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Google tightens political ad rules ahead of Europe elections

This March 23, 2010, file photo shows the Google logo at the Google headquarters in Brussels. Google said Thursday, Nov. 22, 2018 it's expanding stricter political advertising requirements to the European Union as part of efforts to curb misinformation and increase transparency ahead of the bloc's elections next year. (Virginia Mayo / AP)
This March 23, 2010, file photo shows the Google logo at the Google headquarters in Brussels. Google said Thursday, Nov. 22, 2018 it's expanding stricter political advertising requirements to the European Union as part of efforts to curb misinformation and increase transparency ahead of the bloc's elections next year. (Virginia Mayo / AP)
Associated Press

LONDON – Google said Thursday it’s expanding stricter political advertising requirements to the European Union as part of efforts to curb misinformation and increase transparency ahead of the bloc’s elections next year.

As the EU prepares for the vote, U.S. tech companies are facing pressure to do more to counter foreign influence campaigns following allegations that online platforms were used to meddle in elections in the U.S and elsewhere.

Google will require every political ad to disclose who is paying for it while also tightening up its identity verification process for ad buyers.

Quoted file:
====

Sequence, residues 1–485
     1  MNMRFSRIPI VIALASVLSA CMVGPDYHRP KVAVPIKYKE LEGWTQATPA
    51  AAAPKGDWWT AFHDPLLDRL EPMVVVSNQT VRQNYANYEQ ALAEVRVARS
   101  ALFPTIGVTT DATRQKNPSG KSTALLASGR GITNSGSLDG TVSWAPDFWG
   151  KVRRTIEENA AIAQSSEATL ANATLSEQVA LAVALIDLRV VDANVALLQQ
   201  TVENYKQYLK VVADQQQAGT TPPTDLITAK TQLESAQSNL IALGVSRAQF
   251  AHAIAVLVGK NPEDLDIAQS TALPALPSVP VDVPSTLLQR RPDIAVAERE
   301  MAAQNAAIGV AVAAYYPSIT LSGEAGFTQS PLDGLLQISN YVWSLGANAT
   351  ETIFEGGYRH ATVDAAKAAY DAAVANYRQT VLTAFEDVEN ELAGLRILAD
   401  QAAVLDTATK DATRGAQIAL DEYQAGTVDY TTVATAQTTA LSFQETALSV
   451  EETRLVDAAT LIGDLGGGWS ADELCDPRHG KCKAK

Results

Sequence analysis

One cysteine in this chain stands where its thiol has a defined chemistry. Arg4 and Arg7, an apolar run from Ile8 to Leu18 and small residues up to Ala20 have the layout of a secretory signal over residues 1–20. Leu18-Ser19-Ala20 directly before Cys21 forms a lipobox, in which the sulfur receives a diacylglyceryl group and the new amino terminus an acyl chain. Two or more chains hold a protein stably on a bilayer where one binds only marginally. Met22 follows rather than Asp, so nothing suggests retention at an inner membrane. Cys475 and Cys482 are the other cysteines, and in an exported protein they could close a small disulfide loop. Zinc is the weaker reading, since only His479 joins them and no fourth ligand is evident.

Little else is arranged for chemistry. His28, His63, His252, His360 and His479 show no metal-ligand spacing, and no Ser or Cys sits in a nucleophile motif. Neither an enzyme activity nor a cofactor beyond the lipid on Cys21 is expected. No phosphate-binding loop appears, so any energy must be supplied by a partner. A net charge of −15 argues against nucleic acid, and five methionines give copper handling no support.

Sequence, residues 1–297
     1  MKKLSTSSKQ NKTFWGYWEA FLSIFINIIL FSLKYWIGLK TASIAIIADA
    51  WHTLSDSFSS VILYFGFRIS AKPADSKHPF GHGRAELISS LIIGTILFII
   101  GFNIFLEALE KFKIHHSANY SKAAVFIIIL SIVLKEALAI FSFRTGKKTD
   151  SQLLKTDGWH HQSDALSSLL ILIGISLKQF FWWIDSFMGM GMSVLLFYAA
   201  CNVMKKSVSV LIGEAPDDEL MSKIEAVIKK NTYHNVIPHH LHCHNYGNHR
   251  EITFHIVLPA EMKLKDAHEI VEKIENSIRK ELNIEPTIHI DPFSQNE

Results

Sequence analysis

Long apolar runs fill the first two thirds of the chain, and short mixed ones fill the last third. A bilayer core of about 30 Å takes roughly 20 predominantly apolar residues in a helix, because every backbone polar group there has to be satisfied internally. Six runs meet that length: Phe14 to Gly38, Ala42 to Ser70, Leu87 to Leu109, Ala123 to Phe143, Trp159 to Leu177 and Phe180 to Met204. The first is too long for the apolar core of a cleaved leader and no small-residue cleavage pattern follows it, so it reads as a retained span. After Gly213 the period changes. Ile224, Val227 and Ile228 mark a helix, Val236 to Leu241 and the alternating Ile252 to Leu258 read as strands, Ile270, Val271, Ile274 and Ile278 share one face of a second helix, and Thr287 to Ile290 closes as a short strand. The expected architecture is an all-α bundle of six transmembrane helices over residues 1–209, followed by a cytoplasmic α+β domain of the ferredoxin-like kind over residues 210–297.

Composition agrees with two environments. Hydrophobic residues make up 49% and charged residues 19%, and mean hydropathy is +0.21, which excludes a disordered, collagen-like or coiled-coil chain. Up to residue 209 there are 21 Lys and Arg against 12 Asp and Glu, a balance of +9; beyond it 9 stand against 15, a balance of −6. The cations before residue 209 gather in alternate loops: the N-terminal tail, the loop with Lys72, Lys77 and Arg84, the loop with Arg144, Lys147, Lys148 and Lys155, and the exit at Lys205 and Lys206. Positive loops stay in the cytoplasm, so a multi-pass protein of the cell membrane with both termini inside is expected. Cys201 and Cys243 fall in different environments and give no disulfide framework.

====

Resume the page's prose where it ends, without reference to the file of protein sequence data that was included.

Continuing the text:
It will also publish a report on the transparency of EU election ads and a library of political ads that anyone can search for more information on buyers, their target audience, and how the money is spent.

It’s an extension of a system Google brought in this year for U.S. political ads. Facebook introduced a similar system of its own for the U.S., Brazil and Britain earlier this year.

“Like others, we’re thinking hard about elections and how we continue to support democratic processes around the world, including by bringing more transparency to political advertising online,” the company’s director of EU public policy and government relations, Lie Junius, said in a blog post.

Google was among the tech companies that in September signed up to an EU code of conduct aimed at fighting online disinformation.

Hundreds of millions of people in 27 countries are set to choose 705 EU lawmakers in the vote in May.

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